state of emergency after violent demonstrations due to the rising price of the metro

The Chilean president, Sebastian Pinera, has declared a state of emergency in Santiago and has given a soldier the responsibility of ensuring security.

Time to Reading 2 min.

Police use a water cannon to extinguish a fiery barricade above Santa Lucia metro station in Santiago on October 18th. Esteban Felix / AP

Santiago de Chile was the scene of violent clashes for a good part of the day between the police and demonstrators on Friday, October 18, which led Chilean President Sebastian Pinera to declare the state emergency in the capital. These riots, born of protests against rising transport prices, forced the authorities to close all metro stations.

"I have declared a state of emergency and, to that end, I have appointed Major General Javier Iturriaga del Campo as head of national defense, in accordance with the provisions of our state of emergency legislation. "said Sebastian Pinera in a message to the government palace.

Clashes erupted as night fell, and the Enel utility building and a Banco Chile branch, both in the city center, were set on fire. The Enel building fire, lit by "A group of strangers" according to the company, began with the security stairs before spreading in several floors. Firefighters, however, reported after about an hour of effort that the fire was in the control phase, and no employees were injured.

A nearby supermarket was also looted and several metro stations were attacked with Molotov cocktails.

The building of the electricity company Enel was set on fire in Santiago on October 18th.
The building of the electricity company Enel was set on fire in Santiago on October 18th. JAVIER TORRES / AFP

Closing of the metro this weekend

Before the metro stations were closed, calls to get on the trains without ticket had circulated, to protest against the increase in the price of metro tickets, from 800 to 830 pesos (1.04 euro) in the hours of peak, after already a first increase of 20 pesos last January.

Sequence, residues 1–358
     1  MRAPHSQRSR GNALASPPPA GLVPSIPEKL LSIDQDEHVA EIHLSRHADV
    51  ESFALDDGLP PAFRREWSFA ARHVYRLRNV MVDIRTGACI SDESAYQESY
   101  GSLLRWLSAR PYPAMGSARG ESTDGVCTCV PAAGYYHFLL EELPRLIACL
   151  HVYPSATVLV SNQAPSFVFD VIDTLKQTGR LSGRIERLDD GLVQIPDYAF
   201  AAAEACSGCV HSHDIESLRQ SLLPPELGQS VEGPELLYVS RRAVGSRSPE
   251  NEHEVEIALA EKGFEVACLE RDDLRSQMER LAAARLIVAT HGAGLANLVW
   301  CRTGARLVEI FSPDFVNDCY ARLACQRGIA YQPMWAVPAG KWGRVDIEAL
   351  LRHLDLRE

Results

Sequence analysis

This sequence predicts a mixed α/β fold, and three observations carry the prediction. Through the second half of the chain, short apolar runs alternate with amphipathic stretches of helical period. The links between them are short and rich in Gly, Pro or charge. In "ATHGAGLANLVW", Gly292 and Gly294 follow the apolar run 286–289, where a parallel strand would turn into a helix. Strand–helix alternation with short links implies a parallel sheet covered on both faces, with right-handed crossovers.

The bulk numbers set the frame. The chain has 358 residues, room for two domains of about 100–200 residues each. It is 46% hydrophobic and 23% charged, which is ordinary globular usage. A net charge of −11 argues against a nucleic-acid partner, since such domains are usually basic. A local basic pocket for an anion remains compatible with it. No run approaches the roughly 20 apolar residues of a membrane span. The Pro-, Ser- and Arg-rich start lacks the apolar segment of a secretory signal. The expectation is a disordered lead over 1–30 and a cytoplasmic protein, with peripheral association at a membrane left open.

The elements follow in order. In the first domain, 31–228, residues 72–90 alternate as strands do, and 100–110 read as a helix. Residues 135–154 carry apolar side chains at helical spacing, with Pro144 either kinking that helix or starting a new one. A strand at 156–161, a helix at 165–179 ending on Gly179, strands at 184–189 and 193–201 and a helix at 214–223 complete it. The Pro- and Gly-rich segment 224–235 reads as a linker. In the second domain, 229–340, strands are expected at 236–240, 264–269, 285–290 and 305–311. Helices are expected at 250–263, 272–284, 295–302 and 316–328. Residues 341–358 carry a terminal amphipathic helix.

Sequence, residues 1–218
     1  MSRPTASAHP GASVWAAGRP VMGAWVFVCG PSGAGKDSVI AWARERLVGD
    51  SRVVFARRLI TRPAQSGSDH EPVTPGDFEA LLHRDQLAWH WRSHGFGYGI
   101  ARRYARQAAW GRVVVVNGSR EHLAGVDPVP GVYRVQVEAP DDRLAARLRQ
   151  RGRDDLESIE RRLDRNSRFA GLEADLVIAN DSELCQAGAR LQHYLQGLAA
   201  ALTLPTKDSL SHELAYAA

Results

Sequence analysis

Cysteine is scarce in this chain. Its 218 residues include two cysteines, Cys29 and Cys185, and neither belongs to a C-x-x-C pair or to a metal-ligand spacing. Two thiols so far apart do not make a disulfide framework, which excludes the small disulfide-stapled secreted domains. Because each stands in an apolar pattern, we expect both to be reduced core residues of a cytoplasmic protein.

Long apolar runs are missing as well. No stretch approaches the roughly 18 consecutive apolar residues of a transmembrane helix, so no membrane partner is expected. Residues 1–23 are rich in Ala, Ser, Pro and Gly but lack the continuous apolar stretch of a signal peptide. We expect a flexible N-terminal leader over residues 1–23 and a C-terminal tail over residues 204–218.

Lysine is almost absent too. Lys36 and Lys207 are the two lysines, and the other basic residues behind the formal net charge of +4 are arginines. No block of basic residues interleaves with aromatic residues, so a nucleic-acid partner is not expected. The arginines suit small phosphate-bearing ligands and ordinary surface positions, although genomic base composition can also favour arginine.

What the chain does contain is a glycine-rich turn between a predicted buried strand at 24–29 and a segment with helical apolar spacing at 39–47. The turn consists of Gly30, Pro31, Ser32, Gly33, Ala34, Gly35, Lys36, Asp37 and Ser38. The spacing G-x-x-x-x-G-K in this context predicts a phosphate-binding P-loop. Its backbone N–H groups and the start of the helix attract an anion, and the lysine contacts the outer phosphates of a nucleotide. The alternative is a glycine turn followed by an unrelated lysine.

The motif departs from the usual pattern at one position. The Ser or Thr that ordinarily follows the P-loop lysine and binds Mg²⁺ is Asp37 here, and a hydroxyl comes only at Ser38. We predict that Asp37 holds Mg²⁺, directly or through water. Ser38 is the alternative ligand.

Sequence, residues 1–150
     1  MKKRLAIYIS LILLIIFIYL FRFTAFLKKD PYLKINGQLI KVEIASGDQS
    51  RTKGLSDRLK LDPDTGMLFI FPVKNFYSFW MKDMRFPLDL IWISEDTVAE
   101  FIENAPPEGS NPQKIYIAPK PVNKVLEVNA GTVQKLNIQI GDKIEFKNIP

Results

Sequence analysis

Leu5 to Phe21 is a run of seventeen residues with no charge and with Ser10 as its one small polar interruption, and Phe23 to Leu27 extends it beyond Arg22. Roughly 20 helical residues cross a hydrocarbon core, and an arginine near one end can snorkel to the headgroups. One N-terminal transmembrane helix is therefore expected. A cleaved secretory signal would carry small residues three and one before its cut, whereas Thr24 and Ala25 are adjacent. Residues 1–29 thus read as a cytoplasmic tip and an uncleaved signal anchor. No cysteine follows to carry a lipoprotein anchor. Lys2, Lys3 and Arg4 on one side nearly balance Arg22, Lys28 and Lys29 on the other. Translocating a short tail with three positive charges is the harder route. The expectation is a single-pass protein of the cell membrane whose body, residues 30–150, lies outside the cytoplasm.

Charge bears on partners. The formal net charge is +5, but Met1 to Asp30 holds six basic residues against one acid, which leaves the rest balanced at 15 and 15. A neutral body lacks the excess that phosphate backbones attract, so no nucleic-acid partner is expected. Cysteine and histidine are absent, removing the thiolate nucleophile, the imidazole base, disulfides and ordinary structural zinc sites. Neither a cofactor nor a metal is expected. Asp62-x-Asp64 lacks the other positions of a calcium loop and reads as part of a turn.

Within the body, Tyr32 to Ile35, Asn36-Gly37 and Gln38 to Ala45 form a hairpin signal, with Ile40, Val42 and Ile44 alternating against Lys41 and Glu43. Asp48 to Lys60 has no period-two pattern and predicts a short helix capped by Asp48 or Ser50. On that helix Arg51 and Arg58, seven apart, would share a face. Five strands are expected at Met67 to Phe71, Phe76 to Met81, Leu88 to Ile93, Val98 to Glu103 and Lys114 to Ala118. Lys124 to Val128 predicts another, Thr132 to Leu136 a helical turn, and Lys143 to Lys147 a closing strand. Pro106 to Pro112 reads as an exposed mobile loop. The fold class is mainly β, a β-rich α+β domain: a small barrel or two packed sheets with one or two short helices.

"The entire network is closed due to riots and destruction that prevent minimum security conditions for passengers and workers"The metro manager announced on Twitter, after attacks against almost all 164 stations, where many barriers and turnstiles were destroyed.

A metro station on fire in Santiago after the riots of October 18th.
A metro station on fire in Santiago after the riots of October 18th. STRINGER / REUTERS

Public transport is widely used in Santiago, a highly polluted and congested city. The Santiago Metro, the largest (140 km) and most modern in South America, which carries about 3 million passengers per day, is expected to remain closed this weekend and could reopen gradually next week. Many Santiago residents have had to walk home, sometimes walking long distances, causing scenes of chaos and despair.

In various parts of the city, protesters erected barricades and clashed with police, who used water cannons and tear gas, the most long-standing street battle scenes in the Chilean capital. President Sebastian Pinera called the protesters delinquents. "This desire to break everything is not a protest, it's criminal", he said in an interview on the radio.

Thursday, 133 people had been arrested for damage in the metro stations, where the damage amounted to 400 to 500 million pesos (630,000 euros) according to the manager.


Please enter your comment!
Please enter your name here